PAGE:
Uncomfortable travel between regions remains thing of the past
By Vladimir Terekhov
On arriving at Minsk-Tsentralny station on a Sunday morning, I see the modern train. It looks as if it might be heading for Europe but it’s actually an electric train, designed for domestic routes. Passengers looking at it couldn’t help but question whether it was really going to Baranovichi, despite the ‘Polesie Baranovichi’ display. Such trains were once only seen in films but, from now on, the comfort of 21st century travel will be a reality for Belarusians.
Belarusian Railways has been nurturing the idea of launching regional business class lines since 2010; on October 10th, tests began on a city line electric train for the Minsk-Kolyadichi-Rudensk route. Recently, regular regional schedules became operational, with The MT reporter among the first passengers.
“Why are the doors closed? Is boarding finished?” ask two concerned men, hurrying towards the carriages. We’re used to seeing closed doors on our diesel trains directly before departure, but our doubts disappear on approaching: you simply push a green button at the centre to open them automatically. They close only once passengers are safely inside.
The carriage is warm, since the doors have been closed, and everything smells new. Soft seats face both directions of travel and some are placed opposite each other: handy for families or groups of friends who want to pass the time chatting. All seats are numbered, with arrows indicating the direction of where the number can be found. There are also some fold-down chairs, which can be used during extra busy times.
Wide passageways, convenient hand-rails and luggage shelves add to the comfort of the train, while electronic display boards show the distance between stops and the expected arrival time. At the push of a special button by the door, you can also talk to the driver.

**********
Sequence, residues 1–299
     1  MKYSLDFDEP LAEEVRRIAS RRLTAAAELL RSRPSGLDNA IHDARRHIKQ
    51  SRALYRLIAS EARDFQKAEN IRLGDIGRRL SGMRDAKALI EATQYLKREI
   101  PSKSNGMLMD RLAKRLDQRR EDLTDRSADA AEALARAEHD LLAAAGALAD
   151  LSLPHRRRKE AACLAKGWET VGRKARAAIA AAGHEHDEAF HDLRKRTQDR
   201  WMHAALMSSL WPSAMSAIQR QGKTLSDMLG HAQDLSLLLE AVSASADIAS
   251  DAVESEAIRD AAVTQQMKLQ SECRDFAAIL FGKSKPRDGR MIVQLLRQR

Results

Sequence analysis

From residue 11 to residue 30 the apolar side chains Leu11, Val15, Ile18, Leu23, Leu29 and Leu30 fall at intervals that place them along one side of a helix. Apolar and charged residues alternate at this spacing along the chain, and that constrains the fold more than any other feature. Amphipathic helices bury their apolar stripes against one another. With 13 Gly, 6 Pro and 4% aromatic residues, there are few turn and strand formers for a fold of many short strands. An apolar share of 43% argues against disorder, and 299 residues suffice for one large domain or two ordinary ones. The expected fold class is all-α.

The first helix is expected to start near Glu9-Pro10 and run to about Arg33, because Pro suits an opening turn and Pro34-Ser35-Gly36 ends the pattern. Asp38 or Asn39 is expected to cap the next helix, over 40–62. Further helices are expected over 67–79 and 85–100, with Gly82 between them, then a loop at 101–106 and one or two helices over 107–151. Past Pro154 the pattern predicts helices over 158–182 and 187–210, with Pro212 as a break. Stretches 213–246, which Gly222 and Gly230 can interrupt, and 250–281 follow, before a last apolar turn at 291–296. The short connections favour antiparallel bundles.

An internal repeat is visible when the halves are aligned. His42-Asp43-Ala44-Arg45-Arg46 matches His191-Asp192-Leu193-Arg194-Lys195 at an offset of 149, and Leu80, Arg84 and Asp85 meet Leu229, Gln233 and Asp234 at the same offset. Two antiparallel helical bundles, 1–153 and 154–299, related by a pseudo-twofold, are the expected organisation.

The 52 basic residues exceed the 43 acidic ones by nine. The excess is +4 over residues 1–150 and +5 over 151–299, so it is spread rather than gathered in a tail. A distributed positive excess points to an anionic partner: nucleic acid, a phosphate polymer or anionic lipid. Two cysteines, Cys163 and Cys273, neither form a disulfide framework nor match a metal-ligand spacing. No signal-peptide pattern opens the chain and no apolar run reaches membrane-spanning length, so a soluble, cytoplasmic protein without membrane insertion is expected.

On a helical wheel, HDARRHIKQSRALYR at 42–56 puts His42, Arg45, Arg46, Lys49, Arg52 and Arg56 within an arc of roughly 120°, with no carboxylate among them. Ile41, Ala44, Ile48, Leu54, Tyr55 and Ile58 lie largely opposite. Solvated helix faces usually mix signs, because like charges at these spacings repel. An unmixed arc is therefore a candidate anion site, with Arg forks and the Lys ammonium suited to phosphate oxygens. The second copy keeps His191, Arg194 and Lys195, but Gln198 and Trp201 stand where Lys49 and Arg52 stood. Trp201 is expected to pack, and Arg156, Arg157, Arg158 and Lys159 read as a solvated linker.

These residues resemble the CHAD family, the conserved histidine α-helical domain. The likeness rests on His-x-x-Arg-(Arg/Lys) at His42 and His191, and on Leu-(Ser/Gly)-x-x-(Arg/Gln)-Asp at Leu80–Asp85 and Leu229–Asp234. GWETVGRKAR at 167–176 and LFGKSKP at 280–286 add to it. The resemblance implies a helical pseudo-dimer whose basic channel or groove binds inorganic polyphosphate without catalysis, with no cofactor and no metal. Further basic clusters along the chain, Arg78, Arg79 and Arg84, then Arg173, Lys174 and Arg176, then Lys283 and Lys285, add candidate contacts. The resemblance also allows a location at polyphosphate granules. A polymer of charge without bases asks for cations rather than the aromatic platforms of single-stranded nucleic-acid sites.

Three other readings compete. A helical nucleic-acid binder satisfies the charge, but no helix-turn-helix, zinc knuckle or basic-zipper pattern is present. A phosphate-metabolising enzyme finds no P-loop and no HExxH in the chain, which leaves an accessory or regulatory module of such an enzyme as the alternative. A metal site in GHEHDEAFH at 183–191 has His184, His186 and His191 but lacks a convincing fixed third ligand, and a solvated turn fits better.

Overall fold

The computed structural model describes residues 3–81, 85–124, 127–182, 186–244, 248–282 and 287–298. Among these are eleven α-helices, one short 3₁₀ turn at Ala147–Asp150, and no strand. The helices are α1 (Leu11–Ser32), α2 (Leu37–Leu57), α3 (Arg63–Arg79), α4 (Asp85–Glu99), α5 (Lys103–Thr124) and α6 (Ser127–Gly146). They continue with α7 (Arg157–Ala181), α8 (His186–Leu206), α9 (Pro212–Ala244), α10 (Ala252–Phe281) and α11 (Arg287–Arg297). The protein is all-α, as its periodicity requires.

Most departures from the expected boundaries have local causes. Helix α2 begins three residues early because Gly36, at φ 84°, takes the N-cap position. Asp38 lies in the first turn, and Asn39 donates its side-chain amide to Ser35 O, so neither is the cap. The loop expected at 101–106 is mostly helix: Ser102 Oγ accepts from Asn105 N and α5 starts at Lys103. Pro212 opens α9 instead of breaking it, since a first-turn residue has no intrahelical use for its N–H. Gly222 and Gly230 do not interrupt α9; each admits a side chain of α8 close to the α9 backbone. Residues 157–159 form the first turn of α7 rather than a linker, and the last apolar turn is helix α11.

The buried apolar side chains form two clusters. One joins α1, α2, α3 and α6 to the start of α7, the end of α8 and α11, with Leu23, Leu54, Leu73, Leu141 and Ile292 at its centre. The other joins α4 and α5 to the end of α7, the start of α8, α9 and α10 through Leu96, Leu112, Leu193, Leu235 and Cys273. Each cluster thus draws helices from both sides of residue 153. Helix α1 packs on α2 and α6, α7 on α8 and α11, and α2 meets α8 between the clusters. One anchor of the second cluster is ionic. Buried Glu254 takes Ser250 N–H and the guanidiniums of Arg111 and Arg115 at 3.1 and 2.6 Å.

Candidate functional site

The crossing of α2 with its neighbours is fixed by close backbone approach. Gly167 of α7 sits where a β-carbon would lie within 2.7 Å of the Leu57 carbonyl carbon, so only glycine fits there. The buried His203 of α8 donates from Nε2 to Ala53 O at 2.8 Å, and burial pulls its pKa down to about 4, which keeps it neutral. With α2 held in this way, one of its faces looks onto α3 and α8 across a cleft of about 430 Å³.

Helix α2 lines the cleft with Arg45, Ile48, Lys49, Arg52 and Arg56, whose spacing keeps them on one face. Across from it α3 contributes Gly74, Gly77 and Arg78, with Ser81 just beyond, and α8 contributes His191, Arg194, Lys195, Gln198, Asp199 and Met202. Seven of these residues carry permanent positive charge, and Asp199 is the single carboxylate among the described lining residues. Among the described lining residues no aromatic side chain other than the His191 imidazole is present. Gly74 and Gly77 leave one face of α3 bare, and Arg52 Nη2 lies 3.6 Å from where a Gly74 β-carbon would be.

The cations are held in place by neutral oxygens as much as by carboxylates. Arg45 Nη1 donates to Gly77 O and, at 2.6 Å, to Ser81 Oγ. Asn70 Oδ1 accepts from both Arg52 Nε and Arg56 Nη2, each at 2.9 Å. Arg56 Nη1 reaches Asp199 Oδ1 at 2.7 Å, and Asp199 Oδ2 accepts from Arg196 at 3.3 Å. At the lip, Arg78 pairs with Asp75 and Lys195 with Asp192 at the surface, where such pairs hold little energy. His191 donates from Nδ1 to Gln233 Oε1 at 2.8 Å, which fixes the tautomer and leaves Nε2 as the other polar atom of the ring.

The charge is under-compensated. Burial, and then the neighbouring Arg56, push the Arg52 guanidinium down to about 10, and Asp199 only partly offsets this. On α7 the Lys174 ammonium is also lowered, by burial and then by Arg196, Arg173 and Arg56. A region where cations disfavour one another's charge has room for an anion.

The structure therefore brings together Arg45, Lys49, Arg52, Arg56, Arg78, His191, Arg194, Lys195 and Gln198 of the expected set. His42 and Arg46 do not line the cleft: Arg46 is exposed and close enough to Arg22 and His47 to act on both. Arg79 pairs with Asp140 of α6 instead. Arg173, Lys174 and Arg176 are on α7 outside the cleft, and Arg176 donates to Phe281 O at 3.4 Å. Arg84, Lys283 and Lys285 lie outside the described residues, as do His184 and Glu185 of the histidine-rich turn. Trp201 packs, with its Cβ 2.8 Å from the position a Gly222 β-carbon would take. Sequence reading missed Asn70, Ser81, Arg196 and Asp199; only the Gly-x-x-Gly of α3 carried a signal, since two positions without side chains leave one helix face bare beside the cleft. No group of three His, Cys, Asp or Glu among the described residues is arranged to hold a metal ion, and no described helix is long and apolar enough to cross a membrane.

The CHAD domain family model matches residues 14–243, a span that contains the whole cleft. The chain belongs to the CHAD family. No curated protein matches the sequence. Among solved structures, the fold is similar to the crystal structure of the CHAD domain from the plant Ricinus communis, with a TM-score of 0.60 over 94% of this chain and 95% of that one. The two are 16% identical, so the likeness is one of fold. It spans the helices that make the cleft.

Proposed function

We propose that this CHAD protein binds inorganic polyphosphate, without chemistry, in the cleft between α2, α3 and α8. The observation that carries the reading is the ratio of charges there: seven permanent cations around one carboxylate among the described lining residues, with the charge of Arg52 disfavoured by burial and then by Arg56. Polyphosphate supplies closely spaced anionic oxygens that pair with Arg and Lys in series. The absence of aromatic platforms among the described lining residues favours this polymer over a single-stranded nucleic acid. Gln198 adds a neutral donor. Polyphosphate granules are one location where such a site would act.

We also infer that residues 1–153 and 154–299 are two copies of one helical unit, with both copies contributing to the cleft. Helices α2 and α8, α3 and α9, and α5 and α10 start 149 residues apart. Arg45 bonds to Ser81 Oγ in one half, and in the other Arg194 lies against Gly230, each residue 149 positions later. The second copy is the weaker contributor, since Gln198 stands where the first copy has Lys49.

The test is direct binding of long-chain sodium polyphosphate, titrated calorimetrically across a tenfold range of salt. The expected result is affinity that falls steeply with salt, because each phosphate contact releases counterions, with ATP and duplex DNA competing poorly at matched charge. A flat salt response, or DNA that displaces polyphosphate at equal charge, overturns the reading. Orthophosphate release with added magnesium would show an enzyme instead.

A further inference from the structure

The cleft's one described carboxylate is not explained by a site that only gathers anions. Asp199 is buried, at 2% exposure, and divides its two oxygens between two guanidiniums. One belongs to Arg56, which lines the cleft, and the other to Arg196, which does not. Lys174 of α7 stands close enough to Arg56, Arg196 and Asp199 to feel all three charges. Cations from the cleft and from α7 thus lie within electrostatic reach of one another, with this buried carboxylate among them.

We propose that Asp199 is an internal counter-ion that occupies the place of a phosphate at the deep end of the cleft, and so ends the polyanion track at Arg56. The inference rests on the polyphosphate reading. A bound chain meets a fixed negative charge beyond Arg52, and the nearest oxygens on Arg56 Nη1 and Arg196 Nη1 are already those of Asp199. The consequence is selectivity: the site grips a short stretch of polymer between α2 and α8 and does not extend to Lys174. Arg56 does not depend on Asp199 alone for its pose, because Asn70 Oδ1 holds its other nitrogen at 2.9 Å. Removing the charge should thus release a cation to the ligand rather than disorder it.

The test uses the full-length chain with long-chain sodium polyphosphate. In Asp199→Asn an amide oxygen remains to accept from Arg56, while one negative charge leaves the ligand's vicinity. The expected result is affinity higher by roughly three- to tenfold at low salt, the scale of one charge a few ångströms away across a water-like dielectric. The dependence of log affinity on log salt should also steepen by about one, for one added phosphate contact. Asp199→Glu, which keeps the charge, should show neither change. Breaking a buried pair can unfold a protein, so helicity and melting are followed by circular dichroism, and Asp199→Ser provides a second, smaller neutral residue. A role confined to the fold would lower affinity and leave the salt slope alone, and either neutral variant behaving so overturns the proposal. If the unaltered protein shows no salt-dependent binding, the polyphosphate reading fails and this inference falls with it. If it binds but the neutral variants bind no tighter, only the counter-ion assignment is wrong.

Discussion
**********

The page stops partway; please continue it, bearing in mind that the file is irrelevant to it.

“I’m travelling on a very nice electric train,” boasts one young man, talking to his wife by phone. “I can visit my parents more often now. We can also take our baby, as it’s quiet and warm inside.”
At the last minute, the doors open again and several excited passengers board, asking whether the train is going to Baranovichi. On hearing the answer, they calm down, and the train starts moving. The journey is smooth, so it’s easy to occupy yourself with little tasks, like embroidery.
These new trains connect Brest with Baranovichi (2 hours) and Minsk with Baranovichi (90 minutes) daily, with tickets costing the same as they do for any other journey. Each fare costs slightly over $1 (in equivalent).
Brest is the first regional centre to offer regular business class travel on electric trains. The Chairman of the Brest Regional Executive Committee, Konstantin Sumar, asserts that the choice is wise. Belarusian Railways began in the city over the Bug River over 120 years ago and the Berlin-Warsaw-Minsk-Moscow pan-European transport corridor today passes through the city. It’s a logical choice to ensure that its trains meet Western European standards.
Manufactured by Swiss Stadler Bussnang AG, ten trains are being supplied to Belarusian Railways (within two years of March 2010). Belarus’ Transport and Communications Minister, Ivan Shcherbo, and Belarusian Railways’ Head, Anatoly Sivak, tell us how they are to be used. Six of the trains are to service urban lines, with the remaining four connecting regional cities. Four have already arrived in Belarus (three servicing city lines and one connecting the regions).
The conductors tell us about some of the advantages of these new passenger carriages: one is equipped with a multi-functional zone for disabled passengers and those travelling with children’s prams, bicycles and large-size luggage. Moreover, the train offers special conditions for changing babies’ nappies. No smoking is allowed; smoke activates an emergency break and video cameras are installed throughout, able to catch anyone in the act of lighting up.